Multi-sided warfare across Colombia

Despite a peace process that has faltered under President Ivan Duque, the internal war in Colombia continues nearly across the country—now involving multiple armed actors: remnant guerilla groups, resurgent paramilitary forces, regional cartels, and the official security forces. Thousands have been displaced in recent months, as campesino and indigenous communities are either caught in the crossfire or explicitly targeted.

Arauca: struggle for the borderlands
The year began with an upsurge of violence in Arauca department, on the eastern plains along the Venezuelan border, where various armed factions vie for control of smuggling corridors either side of the line. On Jan. 4, the office of the UN Secretary-General expressed concern for the situation in Arauca, and called for a ceasefire. That month, at least 50 were reported killed, and some 1,500 displaced, in Arauca and the adjacent Venezuelan state of Apure. According to local media accounts, a three-way conflict involves guerilla forces of the National Liberation Army (ELN) and two "dissident" factions of the FARC that have remained in arms despite the peace deal—the 10th Front and the Segunda Marquetalia. (El Espectador, Feb. 7; Contagio Radio, Feb. 2; Contagio Radio, Jan. 4)

On Jan. 17, when President Duque arived in the border town of Arauquita to announce a new "major operation" against the guerillas, ELN fighters were openly patrolling the streets. (El Tiempo, Jan. 17)

On April 10, Duque announced the capture of the supposed commander of the 10 Front, Juan Gabriel Granados AKA "Orlando La Muerte," in an operation in Villavicencio, Meta department, further south on the eastern plains. (InfoBae, April 11) His principal rival in the struggle for Arauca, ELN Eastern War Front commander Gustavo Aníbal Quinchía AKA "Pablito," remains at large. (El Espectador)

And the 10th Front remained active. On April 29, the military announced that an air-strike in Aruaca killed six 10th Front fighters, including the front's new leader, "Jaime Chucula." But community leaders in El Progreso vereda (hamlet), Puerto Rondón municipality, said those slain were actually local campesinos. (Prensa Rural, May 9)

Segunda Marquetalia commander Miguel Santanilla Botache, AKA "Gentil Duarte," was killed in an apparent bomb attack on his camp in Jesús María Semprún municipality, in Venezuela's Zulia state, on May 4. A Segunda Marquetalia statement said he was killed in an operation by the Colombian army, implying a cross-border raid. Gentil Duarte had actually been a negotiator for the FARC at the Havana talks that led to the 2016 peace accord. (El Espectador, May 31; El Colombiano, May 30; El Colombiano, May 27; El Espectador, May 25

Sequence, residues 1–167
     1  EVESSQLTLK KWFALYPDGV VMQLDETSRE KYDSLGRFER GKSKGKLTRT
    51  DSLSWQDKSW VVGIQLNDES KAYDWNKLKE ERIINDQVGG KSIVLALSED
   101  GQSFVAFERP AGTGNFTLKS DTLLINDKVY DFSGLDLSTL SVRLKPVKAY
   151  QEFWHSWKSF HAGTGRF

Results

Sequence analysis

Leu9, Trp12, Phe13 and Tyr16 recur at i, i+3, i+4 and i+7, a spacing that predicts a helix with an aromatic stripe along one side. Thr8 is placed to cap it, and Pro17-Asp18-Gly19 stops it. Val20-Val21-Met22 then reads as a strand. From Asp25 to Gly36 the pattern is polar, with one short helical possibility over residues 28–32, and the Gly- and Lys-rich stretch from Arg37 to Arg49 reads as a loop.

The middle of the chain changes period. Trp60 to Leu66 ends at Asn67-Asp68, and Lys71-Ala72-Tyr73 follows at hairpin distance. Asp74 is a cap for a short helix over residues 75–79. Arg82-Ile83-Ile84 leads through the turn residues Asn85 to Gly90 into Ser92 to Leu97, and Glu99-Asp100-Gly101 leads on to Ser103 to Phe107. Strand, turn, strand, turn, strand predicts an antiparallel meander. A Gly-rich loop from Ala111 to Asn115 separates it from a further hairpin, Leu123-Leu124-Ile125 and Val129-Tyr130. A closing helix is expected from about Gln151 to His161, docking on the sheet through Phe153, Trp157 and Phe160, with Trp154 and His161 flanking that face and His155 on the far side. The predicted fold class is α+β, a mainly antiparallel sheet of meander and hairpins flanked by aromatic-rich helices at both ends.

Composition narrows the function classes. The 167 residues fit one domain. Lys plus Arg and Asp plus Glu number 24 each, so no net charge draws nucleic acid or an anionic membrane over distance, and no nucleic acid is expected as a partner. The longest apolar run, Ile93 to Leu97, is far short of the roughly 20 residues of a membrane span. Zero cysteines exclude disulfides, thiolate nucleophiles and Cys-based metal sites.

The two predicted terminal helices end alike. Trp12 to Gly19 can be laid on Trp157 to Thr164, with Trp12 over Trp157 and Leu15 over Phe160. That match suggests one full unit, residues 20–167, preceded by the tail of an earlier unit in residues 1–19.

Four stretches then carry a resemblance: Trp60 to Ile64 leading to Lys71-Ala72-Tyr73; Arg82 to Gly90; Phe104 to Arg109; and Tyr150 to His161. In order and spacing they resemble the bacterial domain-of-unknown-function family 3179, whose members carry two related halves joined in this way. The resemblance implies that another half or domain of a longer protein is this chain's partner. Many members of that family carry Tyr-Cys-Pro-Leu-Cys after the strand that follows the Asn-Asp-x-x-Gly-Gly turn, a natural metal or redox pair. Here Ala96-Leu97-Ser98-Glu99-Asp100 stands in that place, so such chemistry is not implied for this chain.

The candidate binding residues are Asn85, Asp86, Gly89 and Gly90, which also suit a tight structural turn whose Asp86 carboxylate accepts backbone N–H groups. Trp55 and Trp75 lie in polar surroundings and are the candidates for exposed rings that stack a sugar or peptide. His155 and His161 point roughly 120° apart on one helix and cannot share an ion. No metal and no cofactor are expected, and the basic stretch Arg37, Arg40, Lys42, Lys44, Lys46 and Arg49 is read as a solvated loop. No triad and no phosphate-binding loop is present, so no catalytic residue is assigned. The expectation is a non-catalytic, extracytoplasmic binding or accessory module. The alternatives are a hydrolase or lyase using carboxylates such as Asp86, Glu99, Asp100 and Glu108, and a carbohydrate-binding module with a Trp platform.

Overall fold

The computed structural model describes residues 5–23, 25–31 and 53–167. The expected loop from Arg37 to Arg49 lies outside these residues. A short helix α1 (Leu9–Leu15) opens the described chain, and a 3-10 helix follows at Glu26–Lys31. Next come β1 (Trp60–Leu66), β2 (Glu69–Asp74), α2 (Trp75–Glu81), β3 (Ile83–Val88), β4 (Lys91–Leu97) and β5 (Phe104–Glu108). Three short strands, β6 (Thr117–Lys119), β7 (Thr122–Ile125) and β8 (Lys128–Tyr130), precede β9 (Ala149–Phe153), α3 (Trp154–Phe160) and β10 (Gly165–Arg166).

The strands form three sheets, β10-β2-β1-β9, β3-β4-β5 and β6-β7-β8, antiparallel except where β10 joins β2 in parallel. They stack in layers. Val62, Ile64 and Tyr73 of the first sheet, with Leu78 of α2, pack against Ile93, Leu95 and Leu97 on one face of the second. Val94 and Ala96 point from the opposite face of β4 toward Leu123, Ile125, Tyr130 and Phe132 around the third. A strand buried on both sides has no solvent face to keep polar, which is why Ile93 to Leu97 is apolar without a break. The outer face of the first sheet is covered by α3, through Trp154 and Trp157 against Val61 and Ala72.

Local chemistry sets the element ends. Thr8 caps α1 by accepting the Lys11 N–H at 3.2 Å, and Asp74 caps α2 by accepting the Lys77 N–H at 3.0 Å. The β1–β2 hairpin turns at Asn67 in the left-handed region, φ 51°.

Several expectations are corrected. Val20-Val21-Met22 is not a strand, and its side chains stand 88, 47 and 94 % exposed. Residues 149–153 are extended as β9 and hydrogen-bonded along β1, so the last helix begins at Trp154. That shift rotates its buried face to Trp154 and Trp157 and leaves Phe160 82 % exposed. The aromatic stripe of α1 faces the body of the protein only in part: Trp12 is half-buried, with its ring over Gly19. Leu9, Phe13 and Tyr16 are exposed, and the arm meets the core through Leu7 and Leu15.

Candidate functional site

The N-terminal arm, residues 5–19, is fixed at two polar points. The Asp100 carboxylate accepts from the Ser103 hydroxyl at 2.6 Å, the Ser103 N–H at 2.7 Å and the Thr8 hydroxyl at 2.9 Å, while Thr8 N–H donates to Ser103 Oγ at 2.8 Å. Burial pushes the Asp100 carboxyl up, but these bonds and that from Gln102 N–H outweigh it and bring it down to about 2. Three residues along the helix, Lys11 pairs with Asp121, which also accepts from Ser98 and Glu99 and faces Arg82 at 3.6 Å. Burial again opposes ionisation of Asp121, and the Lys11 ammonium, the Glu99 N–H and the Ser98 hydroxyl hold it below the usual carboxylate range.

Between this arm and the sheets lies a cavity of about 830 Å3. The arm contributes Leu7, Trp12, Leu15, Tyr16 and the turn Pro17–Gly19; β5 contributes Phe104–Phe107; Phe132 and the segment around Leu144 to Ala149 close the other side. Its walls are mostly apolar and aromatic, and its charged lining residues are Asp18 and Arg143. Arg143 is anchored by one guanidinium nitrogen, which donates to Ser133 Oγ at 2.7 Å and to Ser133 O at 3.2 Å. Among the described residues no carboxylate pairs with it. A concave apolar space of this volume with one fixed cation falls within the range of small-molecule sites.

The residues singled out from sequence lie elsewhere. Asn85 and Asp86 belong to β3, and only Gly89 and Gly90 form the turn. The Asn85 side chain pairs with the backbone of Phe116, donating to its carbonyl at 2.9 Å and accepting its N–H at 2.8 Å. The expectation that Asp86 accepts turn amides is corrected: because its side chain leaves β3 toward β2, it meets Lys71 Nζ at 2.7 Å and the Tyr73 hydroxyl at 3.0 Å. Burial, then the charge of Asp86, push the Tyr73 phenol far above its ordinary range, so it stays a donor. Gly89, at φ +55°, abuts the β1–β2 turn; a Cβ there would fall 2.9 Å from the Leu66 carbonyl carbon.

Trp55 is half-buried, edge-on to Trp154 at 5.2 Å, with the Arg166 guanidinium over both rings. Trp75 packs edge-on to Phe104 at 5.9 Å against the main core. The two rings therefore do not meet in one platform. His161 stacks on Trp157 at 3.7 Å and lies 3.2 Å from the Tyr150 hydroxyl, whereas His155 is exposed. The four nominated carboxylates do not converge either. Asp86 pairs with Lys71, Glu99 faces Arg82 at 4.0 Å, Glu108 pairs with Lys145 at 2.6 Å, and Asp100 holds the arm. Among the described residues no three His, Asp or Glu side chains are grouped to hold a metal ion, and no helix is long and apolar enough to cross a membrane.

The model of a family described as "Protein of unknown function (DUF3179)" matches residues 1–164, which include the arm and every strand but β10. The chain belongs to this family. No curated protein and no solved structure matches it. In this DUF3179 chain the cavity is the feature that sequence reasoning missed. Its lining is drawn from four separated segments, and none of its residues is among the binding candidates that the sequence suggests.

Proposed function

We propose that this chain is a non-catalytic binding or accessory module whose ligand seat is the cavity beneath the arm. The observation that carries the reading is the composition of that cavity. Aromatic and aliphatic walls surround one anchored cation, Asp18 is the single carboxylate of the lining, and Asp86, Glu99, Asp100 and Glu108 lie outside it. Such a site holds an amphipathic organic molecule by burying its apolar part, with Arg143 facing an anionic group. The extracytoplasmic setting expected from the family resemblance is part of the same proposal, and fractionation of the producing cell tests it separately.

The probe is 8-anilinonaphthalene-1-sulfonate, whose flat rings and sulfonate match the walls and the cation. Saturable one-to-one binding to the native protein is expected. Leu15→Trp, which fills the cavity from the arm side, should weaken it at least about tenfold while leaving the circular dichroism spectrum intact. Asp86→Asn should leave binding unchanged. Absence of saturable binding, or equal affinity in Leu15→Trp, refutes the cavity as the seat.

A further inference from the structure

Clan del Golfo stages 'armed strike'
Dairo Antonio Úsuga David AKA "Otoniel," leader of the Clan del Golfo cartel, who was arrested in October in the northern Gulf of Urabá region, was extradited to the US on May 5 to face drug trafficking charges. To facilitate extradition, the Council of State lifted the "precautionary measure" in his case that had been requested by victims' organizations—who wanted him to face justice within Colombia for human rights abuses. The extradition was approved by the Supreme Court of Justice. Otoniel pleaded not guilty at a federal court in Brooklyn, NY. (Contagio Radio, DoJ press release, May 6; BBC Mundo, April 7)

But the Clan del Golfo responded to the extradition by staging an "armed strike"—a tactic usually employed by their guerilla enemies. Violent protests swept Urabá region and beyond, with scores of vehicles torched in 90 municipalities in nine of Colombia's 32 departments. The departments of Antioquia, Chocó and Córdoba were particularly affected. The government mobilized thousands of troops to put down the protests, which were led by the Clan's paramilitary wing, the Gaitanistas. (BBC News, May 9; Contagio Radio, May 5)

But there was speculation that the government wanted Otoniel out of the country to silence him. In April, Otoniel had testified before Colombia's Special Jurisdication for Peace (JEP) that he had met sevral times with then-presidential candidate Luis Pérez, ex-governor of Antioquia and ex-mayor of Medellín, to discuss paramilitary collaboration. (El Colombiano, April 25)